If within the next few days, or weeks at most, European policymakers end their shell games of the past 18 months and commit to a comprehensive program to support economic and financial reform in each of the members of the European Union individually and to support the European financial institutions and the European project, the European Union and the euro area will be stronger whether or not a credit event is technically part of the mix. European leaders must squarely address the challenges that face them rather than focusing on how the accountants and CRAs score their actions. In other words, Jean-Claude Trichet’s focus on the technicalities fails to advance the substance.
If within the next few weeks, or months at most, Greek citizens and policymakers abandon all hope of a better future, then who knows where the rot will stop. Whether or not a credit event is part of the scenario will be the least of the problems facing Europe. In other words, Otmar Issing appears to be reading the incentives incorrectly. The central issue for the European project is not to avoid the possible moral hazard for Greece induced by a sovereign restructuring of its debt; the central issue is the risk to the European project derived from a lack of policy determination in Greece and elsewhere induced by a lack of collective outside support for those difficult choices. If accompanied by other needed actions in Greece and in Europe, a restructuring of Greek sovereign debt, by definition a credit event, would stabilize the euro and advance the European project.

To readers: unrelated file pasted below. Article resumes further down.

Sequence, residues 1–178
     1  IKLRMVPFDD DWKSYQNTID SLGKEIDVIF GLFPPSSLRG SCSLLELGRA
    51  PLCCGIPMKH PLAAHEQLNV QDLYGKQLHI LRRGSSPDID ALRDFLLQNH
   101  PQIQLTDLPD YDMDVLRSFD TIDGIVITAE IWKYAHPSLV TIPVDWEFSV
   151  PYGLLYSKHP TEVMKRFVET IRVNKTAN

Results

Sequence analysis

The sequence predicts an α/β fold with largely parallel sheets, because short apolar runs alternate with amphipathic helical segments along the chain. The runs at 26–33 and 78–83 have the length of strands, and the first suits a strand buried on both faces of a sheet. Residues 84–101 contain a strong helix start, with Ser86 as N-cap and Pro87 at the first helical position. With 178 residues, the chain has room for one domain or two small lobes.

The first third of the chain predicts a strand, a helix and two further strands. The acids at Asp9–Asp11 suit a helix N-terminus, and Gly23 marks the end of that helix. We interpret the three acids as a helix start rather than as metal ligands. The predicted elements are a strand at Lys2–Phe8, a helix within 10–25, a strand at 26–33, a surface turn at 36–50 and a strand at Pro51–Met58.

Both the United States and Europe face the near-term prospect of credit events. Depending on the context, those events, if they occur, may have serious consequences or be non-events. The challenges facing European policymakers are more existential in nature. However, if policymakers in either case mishandle the substance, the potential adverse effects will extend beyond the United States or Europe to the health and stability of the global economic and financial system.